—Magus Peter H. Gilmore
Happy Birthday Magus Gilmore!
Please join us in celebrating Magus Gilmore’s highest holiday today, as we appreciate the man who has been guiding the Church of Satan as our High Priest for 13 years. His efforts to communicate the principles of our philosophy worldwide have fostered an ever-growing respect for Satanism amongst those with intelligence and a secular turn of mind. If you have not read his book, The Satanic Scriptures, now is a fine time to explore the essays and rituals contained therein (available in seven languages). A selection of his topical writings can be found here. You might also enjoy some of his music which can be downloaded for free here (more will be coming soon!). And his personal blog dealing with film and music can be found here.
If you feel inclined to send a token of your appreciation, Magus Gilmore has an Amazon.com list of items he would enjoy. Since he is an aficionado of Godzilla—which you’ll discover when reading his blog—he also has an Amazon list of Godzilla items as well.
If you click on the image above you can view The Satanic High Mass which was performed on 6/6/06, which includes his Infernal blessing upon the members of the Church of Satan.
We raise our glasses in a toast to our Magus:
"Long life and joy in abundance!"
Hail Magus Gilmore! Hail Satan!
Magus Gilmore on NPR’s Interfaith Voices
Magus Gilmore comments briefly on why the Church of Satan does not support placing religious monuments in public spaces. This is condensed from a longer conversation.
Magister Nemo: The Seventh Tower of Satan
An mp3 recorded audio program
For many years Satanists have asked how to perform ritual magic when they lacked a suitable place with sufficient privacy to do so effectively.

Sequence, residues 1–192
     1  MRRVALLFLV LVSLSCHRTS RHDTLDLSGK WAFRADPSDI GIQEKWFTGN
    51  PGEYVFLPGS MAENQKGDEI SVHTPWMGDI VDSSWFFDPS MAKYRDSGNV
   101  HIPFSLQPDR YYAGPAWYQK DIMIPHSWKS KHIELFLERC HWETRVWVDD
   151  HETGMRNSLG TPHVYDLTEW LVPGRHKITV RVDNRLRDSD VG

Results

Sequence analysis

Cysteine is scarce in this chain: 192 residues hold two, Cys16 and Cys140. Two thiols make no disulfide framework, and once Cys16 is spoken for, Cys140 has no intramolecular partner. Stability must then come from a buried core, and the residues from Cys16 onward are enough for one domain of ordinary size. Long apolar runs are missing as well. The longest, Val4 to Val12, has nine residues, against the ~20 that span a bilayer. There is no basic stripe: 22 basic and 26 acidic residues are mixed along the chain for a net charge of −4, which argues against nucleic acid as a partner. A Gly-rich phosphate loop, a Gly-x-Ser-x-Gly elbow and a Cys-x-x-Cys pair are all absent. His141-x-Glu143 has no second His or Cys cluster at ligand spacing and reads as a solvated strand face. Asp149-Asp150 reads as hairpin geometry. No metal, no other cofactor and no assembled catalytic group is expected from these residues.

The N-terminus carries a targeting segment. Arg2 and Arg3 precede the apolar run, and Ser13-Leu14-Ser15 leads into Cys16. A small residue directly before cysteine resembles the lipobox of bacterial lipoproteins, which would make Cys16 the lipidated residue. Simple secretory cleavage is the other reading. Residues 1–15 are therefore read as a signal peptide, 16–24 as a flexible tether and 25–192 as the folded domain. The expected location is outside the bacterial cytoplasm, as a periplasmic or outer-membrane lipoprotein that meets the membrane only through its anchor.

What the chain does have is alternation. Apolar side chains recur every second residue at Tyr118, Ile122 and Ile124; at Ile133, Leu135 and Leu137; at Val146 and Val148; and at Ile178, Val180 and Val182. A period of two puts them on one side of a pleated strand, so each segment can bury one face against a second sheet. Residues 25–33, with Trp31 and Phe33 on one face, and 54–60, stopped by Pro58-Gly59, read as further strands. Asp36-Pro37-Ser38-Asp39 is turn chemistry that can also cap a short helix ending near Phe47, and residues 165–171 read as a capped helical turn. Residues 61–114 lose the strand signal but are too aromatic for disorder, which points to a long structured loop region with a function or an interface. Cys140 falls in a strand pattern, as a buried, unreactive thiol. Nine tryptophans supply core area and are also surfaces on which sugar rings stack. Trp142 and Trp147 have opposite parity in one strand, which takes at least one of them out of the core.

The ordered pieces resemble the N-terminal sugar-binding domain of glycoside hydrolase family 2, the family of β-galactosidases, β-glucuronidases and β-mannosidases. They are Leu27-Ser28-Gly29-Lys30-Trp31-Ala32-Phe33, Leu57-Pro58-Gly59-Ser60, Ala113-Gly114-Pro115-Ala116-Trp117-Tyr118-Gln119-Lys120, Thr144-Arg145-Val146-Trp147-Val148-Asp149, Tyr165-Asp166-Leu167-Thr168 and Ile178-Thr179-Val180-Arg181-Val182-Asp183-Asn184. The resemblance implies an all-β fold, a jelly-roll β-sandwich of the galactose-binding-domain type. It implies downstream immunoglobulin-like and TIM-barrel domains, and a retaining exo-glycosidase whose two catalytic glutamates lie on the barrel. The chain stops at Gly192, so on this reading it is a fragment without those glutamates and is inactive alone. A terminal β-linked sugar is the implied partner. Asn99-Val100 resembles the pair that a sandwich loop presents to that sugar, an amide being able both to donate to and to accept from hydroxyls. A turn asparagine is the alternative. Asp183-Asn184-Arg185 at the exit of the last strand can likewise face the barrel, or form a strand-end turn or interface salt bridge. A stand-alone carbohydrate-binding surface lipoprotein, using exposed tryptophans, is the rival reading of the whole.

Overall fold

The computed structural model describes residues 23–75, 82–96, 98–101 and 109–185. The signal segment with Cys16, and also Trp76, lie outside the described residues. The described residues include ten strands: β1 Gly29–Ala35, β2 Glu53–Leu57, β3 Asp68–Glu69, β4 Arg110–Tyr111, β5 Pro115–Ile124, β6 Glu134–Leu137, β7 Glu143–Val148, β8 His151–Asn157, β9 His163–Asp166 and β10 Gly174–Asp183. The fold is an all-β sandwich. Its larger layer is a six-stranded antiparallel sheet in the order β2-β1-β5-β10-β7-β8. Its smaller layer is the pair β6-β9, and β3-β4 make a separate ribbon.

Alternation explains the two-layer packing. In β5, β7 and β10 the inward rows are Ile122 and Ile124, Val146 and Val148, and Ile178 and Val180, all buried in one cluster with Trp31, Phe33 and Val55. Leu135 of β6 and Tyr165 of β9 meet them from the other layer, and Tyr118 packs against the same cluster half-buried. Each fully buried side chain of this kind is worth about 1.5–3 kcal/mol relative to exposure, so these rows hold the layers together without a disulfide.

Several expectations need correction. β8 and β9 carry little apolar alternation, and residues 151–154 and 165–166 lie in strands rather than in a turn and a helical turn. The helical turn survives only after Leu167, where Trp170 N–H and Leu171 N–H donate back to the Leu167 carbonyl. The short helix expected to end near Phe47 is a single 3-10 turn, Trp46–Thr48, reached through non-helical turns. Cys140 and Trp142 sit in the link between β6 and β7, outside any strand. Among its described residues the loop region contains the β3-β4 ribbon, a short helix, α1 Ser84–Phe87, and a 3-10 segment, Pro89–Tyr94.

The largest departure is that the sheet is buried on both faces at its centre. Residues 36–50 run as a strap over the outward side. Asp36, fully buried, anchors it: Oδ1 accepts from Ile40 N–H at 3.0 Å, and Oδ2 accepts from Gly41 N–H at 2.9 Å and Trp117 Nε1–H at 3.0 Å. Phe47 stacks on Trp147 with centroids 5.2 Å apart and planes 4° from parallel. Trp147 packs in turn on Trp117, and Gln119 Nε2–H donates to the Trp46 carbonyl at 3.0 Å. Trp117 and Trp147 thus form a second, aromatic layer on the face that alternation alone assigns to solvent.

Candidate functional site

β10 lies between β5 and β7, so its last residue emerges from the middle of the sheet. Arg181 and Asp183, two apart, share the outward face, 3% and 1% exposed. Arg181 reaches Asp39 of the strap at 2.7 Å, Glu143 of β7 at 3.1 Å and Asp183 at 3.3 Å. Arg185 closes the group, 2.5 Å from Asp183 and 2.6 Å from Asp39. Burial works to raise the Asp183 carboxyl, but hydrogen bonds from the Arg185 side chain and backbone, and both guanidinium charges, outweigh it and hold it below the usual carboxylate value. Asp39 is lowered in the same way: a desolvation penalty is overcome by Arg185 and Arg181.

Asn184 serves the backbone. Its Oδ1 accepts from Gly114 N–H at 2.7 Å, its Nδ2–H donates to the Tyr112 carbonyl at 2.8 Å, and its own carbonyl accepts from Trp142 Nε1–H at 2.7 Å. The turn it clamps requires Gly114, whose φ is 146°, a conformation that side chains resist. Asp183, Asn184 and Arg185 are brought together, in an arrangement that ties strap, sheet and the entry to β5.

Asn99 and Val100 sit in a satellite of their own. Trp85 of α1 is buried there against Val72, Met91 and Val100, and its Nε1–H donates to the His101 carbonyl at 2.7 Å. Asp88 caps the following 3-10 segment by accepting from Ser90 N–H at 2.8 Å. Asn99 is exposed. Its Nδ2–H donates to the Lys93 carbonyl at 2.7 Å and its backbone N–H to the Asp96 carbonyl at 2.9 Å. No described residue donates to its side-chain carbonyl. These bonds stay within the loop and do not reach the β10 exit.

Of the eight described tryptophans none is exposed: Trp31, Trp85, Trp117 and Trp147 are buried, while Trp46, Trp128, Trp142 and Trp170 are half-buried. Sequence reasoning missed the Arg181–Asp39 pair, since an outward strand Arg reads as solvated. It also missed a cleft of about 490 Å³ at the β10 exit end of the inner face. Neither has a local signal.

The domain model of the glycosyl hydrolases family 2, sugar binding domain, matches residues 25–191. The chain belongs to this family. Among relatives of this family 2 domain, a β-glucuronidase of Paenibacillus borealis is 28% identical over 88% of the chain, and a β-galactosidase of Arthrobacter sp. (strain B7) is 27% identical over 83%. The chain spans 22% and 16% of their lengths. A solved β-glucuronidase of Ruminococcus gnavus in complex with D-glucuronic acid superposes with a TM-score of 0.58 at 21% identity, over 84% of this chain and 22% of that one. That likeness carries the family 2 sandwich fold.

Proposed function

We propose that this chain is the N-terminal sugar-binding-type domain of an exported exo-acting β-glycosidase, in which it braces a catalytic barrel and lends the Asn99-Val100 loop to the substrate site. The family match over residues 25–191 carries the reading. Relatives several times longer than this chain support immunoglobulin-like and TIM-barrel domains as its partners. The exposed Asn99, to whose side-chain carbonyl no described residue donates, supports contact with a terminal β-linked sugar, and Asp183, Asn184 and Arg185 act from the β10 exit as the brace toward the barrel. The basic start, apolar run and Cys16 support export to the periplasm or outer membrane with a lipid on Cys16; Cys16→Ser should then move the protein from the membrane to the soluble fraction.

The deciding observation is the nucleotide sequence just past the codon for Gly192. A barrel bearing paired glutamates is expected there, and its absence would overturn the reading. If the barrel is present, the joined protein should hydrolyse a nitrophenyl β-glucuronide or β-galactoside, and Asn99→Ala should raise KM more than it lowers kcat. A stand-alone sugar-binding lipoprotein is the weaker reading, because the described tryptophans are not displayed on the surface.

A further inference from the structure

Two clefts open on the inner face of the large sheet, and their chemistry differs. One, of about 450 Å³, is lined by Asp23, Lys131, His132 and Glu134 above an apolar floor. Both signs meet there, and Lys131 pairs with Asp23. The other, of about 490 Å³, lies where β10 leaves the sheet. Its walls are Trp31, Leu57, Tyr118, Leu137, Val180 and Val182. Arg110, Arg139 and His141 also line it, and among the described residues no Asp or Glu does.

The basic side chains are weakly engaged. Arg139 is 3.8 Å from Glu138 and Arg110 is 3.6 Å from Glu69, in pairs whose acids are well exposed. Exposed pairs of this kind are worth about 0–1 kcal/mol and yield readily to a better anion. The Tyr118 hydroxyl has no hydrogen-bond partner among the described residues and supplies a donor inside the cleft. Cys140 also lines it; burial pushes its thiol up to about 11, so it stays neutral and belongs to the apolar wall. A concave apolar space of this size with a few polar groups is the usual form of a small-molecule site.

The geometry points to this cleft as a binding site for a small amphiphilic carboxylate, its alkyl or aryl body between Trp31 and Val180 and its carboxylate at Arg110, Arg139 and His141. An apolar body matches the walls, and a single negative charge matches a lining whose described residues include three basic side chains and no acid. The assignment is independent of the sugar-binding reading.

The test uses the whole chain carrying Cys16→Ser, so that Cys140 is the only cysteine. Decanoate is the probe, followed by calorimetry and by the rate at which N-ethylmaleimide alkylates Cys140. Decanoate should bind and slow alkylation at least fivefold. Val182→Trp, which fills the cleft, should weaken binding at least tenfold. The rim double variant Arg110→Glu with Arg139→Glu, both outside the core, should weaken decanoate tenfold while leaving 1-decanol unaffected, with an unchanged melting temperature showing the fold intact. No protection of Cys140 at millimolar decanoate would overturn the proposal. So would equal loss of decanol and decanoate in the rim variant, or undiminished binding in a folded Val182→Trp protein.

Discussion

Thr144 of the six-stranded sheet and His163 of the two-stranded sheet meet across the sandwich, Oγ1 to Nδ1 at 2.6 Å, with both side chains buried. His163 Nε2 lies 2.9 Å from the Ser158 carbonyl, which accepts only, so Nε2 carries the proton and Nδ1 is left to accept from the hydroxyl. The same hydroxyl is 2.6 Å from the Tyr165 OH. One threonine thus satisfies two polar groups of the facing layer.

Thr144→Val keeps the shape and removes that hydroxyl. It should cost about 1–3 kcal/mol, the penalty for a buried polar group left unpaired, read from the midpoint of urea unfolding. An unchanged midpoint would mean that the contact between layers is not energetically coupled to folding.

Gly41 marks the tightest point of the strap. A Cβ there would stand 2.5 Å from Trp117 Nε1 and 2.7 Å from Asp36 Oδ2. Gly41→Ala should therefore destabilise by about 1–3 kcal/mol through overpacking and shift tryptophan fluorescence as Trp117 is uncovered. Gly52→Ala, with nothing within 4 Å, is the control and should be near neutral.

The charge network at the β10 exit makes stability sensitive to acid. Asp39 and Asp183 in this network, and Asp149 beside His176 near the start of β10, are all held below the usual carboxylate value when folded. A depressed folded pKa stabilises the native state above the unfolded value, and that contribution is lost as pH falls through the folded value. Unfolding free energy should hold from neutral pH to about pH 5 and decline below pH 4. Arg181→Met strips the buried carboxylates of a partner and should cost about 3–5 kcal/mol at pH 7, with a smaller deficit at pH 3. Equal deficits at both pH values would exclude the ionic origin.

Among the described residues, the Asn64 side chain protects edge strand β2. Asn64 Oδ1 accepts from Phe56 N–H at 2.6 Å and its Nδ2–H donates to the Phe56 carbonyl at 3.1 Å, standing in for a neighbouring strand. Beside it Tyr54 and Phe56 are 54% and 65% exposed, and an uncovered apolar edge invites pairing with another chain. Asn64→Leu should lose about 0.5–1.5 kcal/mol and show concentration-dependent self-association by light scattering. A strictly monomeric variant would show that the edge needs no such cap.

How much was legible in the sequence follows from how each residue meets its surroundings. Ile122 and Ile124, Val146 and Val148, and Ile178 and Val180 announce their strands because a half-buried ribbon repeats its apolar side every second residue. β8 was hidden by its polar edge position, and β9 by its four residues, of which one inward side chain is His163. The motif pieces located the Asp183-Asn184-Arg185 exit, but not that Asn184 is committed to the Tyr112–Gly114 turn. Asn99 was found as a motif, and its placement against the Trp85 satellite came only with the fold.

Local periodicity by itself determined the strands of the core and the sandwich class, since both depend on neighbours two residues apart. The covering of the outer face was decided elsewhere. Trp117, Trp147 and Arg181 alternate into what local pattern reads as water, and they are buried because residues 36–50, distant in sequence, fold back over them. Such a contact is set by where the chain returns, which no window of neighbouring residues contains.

The purpose of this program is to enable you to merely close your eyes and in the privacy of your own mind enter into a private location of your own creation where you can do everything you could do in a physical ritual chamber and actually much, much more.
The Invisible War: Black Dragon Division
Prometheus unleashes his latest creation The Invisible War: Black Dragon Division. This is the second full-length album by The Invisible War. Taking up where Ego=God left, the listener is treated to an empowering blend of dark and bombastic electronic music with a militarist component. Allow your imagination to explore the timeless depths of the dark forces of nature!
Laughing Best—Humorists Take On Satanism
Over the past five decades Satanism as formulated by Anton Szandor LaVey has been filtering into the consciousness of the general populace. When the Church of Satan burst into the global media in 1966, something new had been added to the contemporary zeitgeist—knowledge that there were people who embraced Satan as a positive figure of liberty and individualism in an above-ground organization. Inevitably, having gotten wider notice, those who use humor to comment upon human activities found new fodder in the ideas and aesthetics projected by Dr. LaVey, especially after the documentary Satanis: The Devil’s Mass was released. We Satanists seem to have “arrived,” as mockery of Satanism and Satanists has become part of the landscape of humorists. There are even Satanists who are comedians. Sammy Davis Jr., who was one of our Warlocks for a time, produced a pilot for a TV series called Poor Devil in which he was a mod, bumbling emissary of Lucifer (played by Christopher Lee) tasked with snaring Jack Klugman’s soul. The Church of Satan is even mentioned while Klugman is trying to look it up in a phonebook! Dr. LaVey himself enjoyed this funny portrayal, but Sammy’s best expression of Satanic élan can be found in his song "I’m Not Anyone." It captures the emotional core of our philosophy.